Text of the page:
Future Proofing Your Business
By Guest Blogger Shelley Mann
The other day I was speaking to a colleague about challenges we have faced in our sales careers. Rightfully so, the recent pandemic and its economic impact came to mind quickly followed by the global recession in 2009. The obvious link between the two for both of us was the impact on business and the need to be flexible in how we approached performance.
I found this conversation extremely relevant to our current situation as we face ever present headwinds economically and the continued talks of a downturn or, gasp, recession. While prevailing opinion is that any recession will be relatively shallow, it will affect business performance.
Immediate reactions by most companies are to reign in spending and costs, often cutting back in spaces where you should not – Sales and Marketing. While focusing on how you can reduce your expenses is imperative to weathering an economic downturn, having a strategy and spending in spaces that will drive your overall topline revenue are key to thriving through a downturn.
Okay, that is a lot of words about what might happen…so what about actions you can do today to help your future-proof your business?
Here are my suggestions:
1. It is time to streamline your expenses.
The time to evaluate your business model and understand where you can and cannot cut expenses is before a downturn sets in. Ask yourself the question of where you can and cannot cut back – and be ruthless. If an expense line is not revenue generating or critical to the performance of your business, do you need it or just want it? Can you outsource some roles to consultants to save on compensation or benefit costs?
As I said earlier, cutting marketing or sales spend would be detrimental to your business. In fact, if you have any opportunity, leaning in with extra spend in these spaces will pay dividends. Case in point: During the pandemic, many hotels furloughed or laid off their sales teams – no one was traveling so why do they need sales? Challenge was, as essential business continued to need support, they could not get in touch with anyone. The hotels that won were those that kept sales and marketing in place. They were able to quickly capture short term revenue and were also leaps ahead of their competition as restrictions started to loosen leading to quicker recovery.
2. Create a sales strategy around Total Account Management
What does this mean? Well, in the Business to Business (B2B) sales space, this means approaching each current and future account with the idea that you are focused on fully developing all potential revenue streams. When performing discovery on the account, it is asking open ended questions focused not only on your existing business solutions but on any challenges that the client is facing and investigating how you can help. The best place to discover alternate business streams is by talking with your existing clients.
Let me give you an example. While chatting with several people recently about what I do, I started to get questions around if I provide Sales Coaching. While this was not on my professional radar, the more I was asked about this, the more that I started to consider the prospect as a viable new way to help my clients as well as increase my revenue potential.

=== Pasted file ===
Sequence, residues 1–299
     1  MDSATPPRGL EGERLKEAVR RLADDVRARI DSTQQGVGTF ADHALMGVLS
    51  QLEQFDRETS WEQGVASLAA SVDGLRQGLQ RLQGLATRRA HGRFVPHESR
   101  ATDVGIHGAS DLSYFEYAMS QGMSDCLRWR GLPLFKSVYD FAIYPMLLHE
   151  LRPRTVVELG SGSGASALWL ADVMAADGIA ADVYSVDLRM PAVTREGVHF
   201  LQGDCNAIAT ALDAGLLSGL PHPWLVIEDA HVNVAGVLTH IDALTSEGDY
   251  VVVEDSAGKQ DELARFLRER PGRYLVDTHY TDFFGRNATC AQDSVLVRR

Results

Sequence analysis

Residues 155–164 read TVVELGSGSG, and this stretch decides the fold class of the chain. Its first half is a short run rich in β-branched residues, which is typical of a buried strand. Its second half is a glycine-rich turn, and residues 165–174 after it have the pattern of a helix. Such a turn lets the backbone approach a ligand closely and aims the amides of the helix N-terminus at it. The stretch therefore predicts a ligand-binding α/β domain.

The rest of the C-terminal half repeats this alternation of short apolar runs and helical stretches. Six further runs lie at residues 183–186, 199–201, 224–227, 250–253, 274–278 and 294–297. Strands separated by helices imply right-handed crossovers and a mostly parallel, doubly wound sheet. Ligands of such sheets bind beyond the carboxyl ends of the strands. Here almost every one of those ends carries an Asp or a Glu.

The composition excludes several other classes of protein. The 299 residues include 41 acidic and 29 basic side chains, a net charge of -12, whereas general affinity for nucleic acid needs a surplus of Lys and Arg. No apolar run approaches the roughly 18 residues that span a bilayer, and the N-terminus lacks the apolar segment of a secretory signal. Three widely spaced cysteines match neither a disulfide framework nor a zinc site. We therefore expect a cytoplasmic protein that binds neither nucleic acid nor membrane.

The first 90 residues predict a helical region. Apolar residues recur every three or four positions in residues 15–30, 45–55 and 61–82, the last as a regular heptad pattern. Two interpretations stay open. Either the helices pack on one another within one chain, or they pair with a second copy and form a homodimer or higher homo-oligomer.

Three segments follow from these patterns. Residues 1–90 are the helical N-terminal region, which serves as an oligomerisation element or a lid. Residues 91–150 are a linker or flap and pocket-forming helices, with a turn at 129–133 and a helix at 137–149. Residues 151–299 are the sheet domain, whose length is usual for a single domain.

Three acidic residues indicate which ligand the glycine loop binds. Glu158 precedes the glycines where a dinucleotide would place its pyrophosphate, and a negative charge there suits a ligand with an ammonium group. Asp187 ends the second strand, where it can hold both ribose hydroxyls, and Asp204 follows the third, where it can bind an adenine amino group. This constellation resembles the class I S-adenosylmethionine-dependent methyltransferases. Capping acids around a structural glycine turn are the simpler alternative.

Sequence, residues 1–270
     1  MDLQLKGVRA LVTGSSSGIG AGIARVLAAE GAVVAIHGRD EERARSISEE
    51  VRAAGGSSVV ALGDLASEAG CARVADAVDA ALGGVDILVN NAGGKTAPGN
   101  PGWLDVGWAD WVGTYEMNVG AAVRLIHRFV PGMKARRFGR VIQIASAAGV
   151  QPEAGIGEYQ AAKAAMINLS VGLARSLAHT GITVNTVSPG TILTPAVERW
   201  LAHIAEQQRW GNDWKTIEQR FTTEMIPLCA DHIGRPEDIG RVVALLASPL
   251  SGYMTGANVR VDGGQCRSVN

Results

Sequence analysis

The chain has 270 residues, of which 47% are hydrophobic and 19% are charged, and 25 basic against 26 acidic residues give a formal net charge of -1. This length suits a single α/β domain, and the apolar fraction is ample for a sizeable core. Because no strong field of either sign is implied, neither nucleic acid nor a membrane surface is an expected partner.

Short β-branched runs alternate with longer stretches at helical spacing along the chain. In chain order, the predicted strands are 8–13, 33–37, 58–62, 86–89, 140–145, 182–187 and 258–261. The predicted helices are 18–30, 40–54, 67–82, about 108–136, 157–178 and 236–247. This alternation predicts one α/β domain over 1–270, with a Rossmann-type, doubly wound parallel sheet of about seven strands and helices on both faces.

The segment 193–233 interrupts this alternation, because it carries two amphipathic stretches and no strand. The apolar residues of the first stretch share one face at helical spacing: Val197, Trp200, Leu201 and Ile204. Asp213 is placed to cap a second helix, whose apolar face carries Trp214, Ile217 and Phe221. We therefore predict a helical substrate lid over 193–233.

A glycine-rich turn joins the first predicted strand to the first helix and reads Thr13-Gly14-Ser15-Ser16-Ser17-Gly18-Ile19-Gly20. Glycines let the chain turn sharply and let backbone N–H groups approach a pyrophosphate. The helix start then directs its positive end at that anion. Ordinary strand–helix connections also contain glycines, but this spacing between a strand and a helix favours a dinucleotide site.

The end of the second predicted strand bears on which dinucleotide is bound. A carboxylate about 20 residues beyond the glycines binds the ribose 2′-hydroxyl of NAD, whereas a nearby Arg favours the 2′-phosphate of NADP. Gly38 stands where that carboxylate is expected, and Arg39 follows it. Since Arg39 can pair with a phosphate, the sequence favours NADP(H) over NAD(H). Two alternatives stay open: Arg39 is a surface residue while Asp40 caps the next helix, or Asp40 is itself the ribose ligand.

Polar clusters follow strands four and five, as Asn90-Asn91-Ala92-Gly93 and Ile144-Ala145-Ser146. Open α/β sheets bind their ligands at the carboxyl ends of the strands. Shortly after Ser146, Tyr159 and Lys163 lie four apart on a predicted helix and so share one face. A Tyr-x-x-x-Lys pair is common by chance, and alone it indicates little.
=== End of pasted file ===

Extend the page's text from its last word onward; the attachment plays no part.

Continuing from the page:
This leads me into #3
3. Have you investigated all alternate business opportunities?
There are three questions you need to ask yourself when considering alternate business opportunities: Are there spaces you do not currently fill that you have the capability to; is there a large enough market for this alternate business opportunity; and do I have the bandwidth to build and offer something new. Bonus question is will you love building and offering something new.
In my personal example above, the new line of business is relatively close to what my main business model focuses on, I have had enough interest to signal there is a market, and I can modify some of my existing processes quickly to enter this new opportunity. Bonus for me is that I really enjoy helping others to succeed and this will help me connect with even more business owners to grow their revenue!
4. Final point: What are your mitigation strategies?
I shared with you earlier an example from the hotel space and how some were able to thrive when most did not. Those that were the most successful started to ask the right questions: Who is still buying? How are they buying? How do we get speed to market?
All good businesses have a strategy plan in place. Great businesses revisit this plan often, watch the trends, and can pivot their strategy quickly when the need arises. Plan, then plan for the worst of times.
Final thoughts…cut where you can, think Total Account Management, investigate Alternate Business Opportunities, and have mitigations strategies in place. We all hope to operate our businesses in good times, but we also need to make sure we are prepared to drive revenue when the economy is sub-optimal.
Shelley Mann spent 20+ years in sales and sales strategy roles in everything from fortune 500 to family-owned businesses. Shelley started her business, Strategic Sales Advisors, with a commitment to help small to mid-sized businesses optimize their sales structure, teams, and processes to grow revenue. She is passionate about sharing her knowledge and experience.
Want to know more? Visit Shelley’s website at: Shelley Mann, Strategic Sales Advisors